Miami Children's Research Team to Evaluate Treatments for Huntington's Disease

Published on: 09/22/2004
MIAMI - A Miami Children’s Hospital (MCH) research pharmacologist has been awarded a contract to work with the National Institutes of Health to help identify drugs to prevent the progression of Huntington’s disease (HD), a devastating degenerative brain disorder for which there is presently no effective treatment or cure.

Collin Hovinga, Pharm.D., a research neuropharmacologist with the MCH Brain Institute, is the lead investigator in SET-HD (Systematic Evaluation of Treatments for Huntington’s Disease), which seeks to identify the most promising treatments for Huntington’s disease. The effort is supported by the National Institute of Neurological Disorders and Stroke, a division of the National Institutes of Health, and is funded by the High-Q Foundation, a non-profit organization dedicated to finding and developing treatments for Huntington’s disease.

SET-HD is the first of many efforts of the worldwide initiative launched in 2002 known as the Huntington Project. The Huntington Project brings together the clinical research endeavors for Huntington’s disease that are underway throughout the world in a broad-based approach to find treatments that make a difference in the lives of those affected by HD.

To date, SET-HD has identified approximately 200 drugs or other compounds that have shown potential to modify the progression of the disease. In the current phase, Dr. Hovinga and his colleagues have singled out approximately 45 compounds with the greatest potential. The entire HD community is welcome to participate in Huntington Project and SET-HD by visiting the web site ( to view and nominate experimental treatments to be considered for clinical studies. Eventually they will help establish guidelines for clinical trials to evaluate the effectiveness of the compounds.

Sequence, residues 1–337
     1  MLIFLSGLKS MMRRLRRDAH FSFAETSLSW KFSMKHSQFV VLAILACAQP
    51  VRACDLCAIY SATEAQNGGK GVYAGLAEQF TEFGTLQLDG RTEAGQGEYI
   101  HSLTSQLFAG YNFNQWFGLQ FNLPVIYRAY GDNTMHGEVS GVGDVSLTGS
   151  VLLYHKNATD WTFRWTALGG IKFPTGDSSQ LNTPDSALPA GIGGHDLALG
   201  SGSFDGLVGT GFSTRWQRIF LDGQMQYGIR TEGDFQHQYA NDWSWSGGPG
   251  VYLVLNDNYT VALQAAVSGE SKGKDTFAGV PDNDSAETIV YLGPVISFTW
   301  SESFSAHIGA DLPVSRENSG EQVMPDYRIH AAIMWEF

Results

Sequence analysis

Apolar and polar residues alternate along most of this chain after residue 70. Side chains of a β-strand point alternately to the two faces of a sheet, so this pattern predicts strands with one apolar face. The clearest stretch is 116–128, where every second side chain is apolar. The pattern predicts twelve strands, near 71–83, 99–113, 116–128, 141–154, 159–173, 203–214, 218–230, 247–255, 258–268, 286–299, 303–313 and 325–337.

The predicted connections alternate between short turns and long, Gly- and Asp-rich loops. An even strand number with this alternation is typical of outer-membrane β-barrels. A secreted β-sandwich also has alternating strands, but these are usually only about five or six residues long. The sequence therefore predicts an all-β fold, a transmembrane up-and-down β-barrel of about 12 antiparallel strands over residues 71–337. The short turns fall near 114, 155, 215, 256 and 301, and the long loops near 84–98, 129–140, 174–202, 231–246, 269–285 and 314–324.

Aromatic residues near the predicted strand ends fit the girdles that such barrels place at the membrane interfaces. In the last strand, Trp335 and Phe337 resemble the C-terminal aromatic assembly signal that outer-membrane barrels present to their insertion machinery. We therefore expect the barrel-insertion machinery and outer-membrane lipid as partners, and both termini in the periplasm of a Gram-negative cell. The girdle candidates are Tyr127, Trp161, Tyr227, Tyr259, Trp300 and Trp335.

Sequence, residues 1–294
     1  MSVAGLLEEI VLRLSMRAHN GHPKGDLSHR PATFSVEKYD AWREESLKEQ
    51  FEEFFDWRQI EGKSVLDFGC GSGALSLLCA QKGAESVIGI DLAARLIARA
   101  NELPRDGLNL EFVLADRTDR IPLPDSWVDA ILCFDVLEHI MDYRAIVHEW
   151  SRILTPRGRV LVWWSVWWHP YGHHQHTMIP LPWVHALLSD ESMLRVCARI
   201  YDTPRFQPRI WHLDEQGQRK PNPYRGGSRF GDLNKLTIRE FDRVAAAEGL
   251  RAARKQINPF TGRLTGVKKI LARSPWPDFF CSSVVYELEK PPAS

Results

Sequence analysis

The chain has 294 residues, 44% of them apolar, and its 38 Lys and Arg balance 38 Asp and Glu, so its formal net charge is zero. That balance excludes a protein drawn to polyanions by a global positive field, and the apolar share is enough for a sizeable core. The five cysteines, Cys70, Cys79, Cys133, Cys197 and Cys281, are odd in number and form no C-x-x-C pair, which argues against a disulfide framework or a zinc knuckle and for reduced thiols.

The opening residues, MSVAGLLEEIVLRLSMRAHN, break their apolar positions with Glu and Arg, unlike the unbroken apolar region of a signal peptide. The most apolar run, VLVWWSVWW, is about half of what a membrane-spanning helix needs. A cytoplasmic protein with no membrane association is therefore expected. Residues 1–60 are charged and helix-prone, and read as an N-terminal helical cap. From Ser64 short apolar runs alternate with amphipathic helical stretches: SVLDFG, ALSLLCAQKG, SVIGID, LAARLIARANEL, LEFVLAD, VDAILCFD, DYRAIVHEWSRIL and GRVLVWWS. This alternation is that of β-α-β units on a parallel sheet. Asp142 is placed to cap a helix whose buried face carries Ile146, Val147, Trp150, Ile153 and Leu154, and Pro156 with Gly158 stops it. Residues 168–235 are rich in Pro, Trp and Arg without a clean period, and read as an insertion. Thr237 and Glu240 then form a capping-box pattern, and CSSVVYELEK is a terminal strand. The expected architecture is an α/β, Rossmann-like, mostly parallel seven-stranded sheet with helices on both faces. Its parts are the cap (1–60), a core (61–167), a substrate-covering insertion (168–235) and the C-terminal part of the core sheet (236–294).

“Huntington’s disease is a devastating genetic disorder that destroys the lives of those who inherit it. Through our efforts, we give new hope to families who carry the Huntington disease gene,” said Dr. Hovinga.

The High-Q Foundation is a non-profit organization dedicated to bringing together clinical and basic scientists, individuals and families affected by Huntington’s disease, advocacy groups, and all others in the Huntington’s disease community to find and develop treatments that make a difference in the lives of those affected by Huntington’s disease.

Founded in 1950, Miami Children’s Hospital is the only licensed specialty hospital for children in South Florida. Ranked among the country’s best pediatric hospitals by U.S.News & World Report, Miami Children’s Hospital offers medical care and services for children from birth to age 21. The 268-bed medical facility treats more than 185,000 patients each year and has expertise in all aspects of pediatric medicine.

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